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Gombert: Church Music Import

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Audio CD, Import, July 10, 1996
$32.00 $20.00

1. Credo (8vv)
2. Gradual For Easter Day
3. Haec Dies Quam Fecit Dominus (5vv)
4. Qui Colis Ausoniam (6vv)
5. Marian Antiphon
6. Salve Regina ('Diversi Diversa Orant')
7. O Beata Maria (5vv)
8. Vae, Vae Babylon (4vv)
9. Nunc Dimittis Antiphon
10. Media Vita In Morte Sumus (6vv)
11. Lugebat David Absalon (8vv)

Product Details

  • Performer: Henry's Eight
  • Conductor: Jonathan Brown
  • Composer: Nicolas Gombert
  • Audio CD (July 10, 1996)
  • Number of Discs: 1
  • Format: Import
  • Label: Hyperion UK
  • ASIN: B000002ZWX
  • Average Customer Review: 5.0 out of 5 stars  See all reviews (6 customer reviews)
  • Amazon Best Sellers Rank: #464,084 in Music (See Top 100 in Music)

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Most Helpful Customer Reviews

11 of 11 people found the following review helpful By Adriano Hundhausen on August 19, 2012
Format: Audio CD
Gombert's was without a doubt one of the most unique musical voices of the 16th century. I have seen him compared to Bach, but if we must insist on making these comparisons, the best analogy would be with Beethoven. As Beethoven stretched the language of Haydn and Mozart, so did Gombert stretch the language of Josquin and Isaac.

Perhaps the most obvious way Gombert stretched the language of his predecessors was in his use of dissonances. He very deliberately used tritones, false relations, and even vertical sonorities that we would class as "added-note chords" to widen the spectrum of sounds available for expressive purposes, from perfect consonances to wrenching dissonances. The bold dissonances in Gombert's music drew admiring comments from his contemporaries. Juan Bermudo, a Spanish lutenist, wrote a book (published in 1555) which specifically mentions Gombert's use of false relations (or tritones, depending on whether the two notes in Bermudo's "fa versus mi" are from the same hexachord or not). Three generations later, the organist Francisco Correa de Arauxo wrote a treatise on the organ (published 1626) in which he mentions that Gombert made the best and most frequent use of false relations. Many times these dissonances are not explicitly notated in Gombert's music, since he and his contemporaries relied on performers to inflect certain notes a semitone up or down, especially at cadences, but 16th-century lute and organ transcriptions of the music of Gombert and his contemporaries confirm that these daring sounds were exactly what the composers wanted, since the tablature in which they are notated leaves no doubt as to which semitone is intended.
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11 of 11 people found the following review helpful By "hcf" on October 15, 2000
Format: Audio CD
The Franco-Flemish composer Nicolas Gombert is still not very well known. But this is changing. There are quite a few great recordings of his works, and this is one of them. This recording collects some of Gombert's relatively small-scale compositions, including his best known work - Lugebat David Absalon. This piece was formerly attributed to Josquin, but Gombert's authorship is now widely accepted. Incidentally, this piece is also known as Je prens congie, and can be heard in that version on, e.g., Cordoba Vespers/Cheetham or Music from the Court of Charles V/Huelgas Ens. Lugebat David Absalon is an anguished lament of an uncommon complexity: opening with a solo voice, it quickly builds momentum until all eight voices participate, repeating and imitating the main theme. It showcases many of the distinguishing characteristics of Gombert's style: intricate imitation, long themes, absence of rests, and an abundance of low voices. The most peculiar and exciting characteristic of Gombert's writing, to me, is his precocious treatment of tonality. An example of this can be heard most clearly at the beginning of O Beata Maria, or by comparing the treatment of the same melodic motive at the beginning of Lugebat David Absalon and the Eight-Part Credo. By altering imitative responses to the introductory motives, Gombert achieves an unusual alternation between minor-sounding and major-sounding tonalities. Henry's Eight give a very clean and persuasive account of these works. --gggimpy@yahoo.com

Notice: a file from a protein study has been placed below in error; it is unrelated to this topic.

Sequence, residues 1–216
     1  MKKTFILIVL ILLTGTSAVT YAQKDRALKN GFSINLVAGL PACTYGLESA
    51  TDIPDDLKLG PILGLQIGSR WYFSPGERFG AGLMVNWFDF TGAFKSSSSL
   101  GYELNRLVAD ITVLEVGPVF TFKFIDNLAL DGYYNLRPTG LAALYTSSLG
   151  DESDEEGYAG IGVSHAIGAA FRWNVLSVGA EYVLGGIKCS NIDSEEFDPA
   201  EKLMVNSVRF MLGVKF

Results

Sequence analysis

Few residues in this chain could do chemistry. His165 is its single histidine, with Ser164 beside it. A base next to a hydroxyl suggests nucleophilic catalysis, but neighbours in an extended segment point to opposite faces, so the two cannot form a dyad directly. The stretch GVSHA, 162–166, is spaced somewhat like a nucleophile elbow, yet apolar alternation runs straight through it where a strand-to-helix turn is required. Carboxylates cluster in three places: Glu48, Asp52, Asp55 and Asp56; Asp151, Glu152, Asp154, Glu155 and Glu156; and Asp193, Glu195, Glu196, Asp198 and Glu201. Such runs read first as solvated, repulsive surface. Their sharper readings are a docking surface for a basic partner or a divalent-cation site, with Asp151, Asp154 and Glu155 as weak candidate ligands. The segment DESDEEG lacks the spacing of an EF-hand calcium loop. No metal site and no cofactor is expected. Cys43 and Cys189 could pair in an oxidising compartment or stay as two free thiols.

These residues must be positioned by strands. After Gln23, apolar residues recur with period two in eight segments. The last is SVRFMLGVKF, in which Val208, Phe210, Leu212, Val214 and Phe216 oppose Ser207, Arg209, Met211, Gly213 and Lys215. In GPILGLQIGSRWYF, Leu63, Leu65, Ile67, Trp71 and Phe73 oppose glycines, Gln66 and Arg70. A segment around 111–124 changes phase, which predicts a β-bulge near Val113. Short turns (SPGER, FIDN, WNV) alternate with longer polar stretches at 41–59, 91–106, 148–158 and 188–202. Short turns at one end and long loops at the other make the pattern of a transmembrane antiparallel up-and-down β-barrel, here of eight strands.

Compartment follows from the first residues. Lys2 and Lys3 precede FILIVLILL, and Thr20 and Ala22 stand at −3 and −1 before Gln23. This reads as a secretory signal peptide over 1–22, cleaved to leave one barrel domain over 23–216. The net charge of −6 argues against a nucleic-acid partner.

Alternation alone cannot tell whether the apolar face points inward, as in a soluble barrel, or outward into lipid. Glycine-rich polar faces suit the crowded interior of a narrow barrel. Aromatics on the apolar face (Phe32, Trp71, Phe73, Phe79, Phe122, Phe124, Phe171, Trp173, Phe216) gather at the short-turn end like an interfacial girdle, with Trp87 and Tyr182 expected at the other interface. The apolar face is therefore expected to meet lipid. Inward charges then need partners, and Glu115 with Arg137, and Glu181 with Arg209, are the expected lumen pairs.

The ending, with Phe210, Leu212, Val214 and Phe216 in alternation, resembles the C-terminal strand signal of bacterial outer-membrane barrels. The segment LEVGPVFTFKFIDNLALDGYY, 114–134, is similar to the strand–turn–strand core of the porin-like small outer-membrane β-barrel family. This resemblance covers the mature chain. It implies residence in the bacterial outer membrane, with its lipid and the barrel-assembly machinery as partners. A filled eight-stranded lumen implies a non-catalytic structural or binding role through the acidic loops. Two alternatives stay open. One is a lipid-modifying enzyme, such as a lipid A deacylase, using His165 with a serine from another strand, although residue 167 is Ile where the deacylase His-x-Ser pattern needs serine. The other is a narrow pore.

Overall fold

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4 of 4 people found the following review helpful By Adriano Hundhausen on August 19, 2012
Format: Audio CD
This disc has been re-issued by Hyperion in their mid-price Helios series: Gombert: Credo; Media Vita; Haec Dies vae, vae, Babylon; Etc.

Gombert's was without a doubt one of the most unique musical voices of the 16th century. I have seen him compared to Bach, but if we must insist on making these comparisons, the best analogy would be with Beethoven. As Beethoven stretched the language of Haydn and Mozart, so did Gombert stretch the language of Josquin and Isaac.

Perhaps the most obvious way Gombert stretched the language of his predecessors was in his use of dissonances. He very deliberately used tritones, false relations, and even vertical sonorities that we would class as "added-note chords" to widen the spectrum of sounds available for expressive purposes, from perfect consonances to wrenching dissonances. The bold dissonances in Gombert's music drew admiring comments from his contemporaries. Juan Bermudo, a Spanish lutenist, wrote a book (published in 1555) which specifically mentions Gombert's use of false relations (or tritones, depending on whether the two notes in Bermudo's "fa versus mi" are from the same hexachord or not). Three generations later, the organist Francisco Correa de Arauxo wrote a treatise on the organ (published 1626) in which he mentions that Gombert made the best and most frequent use of false relations.
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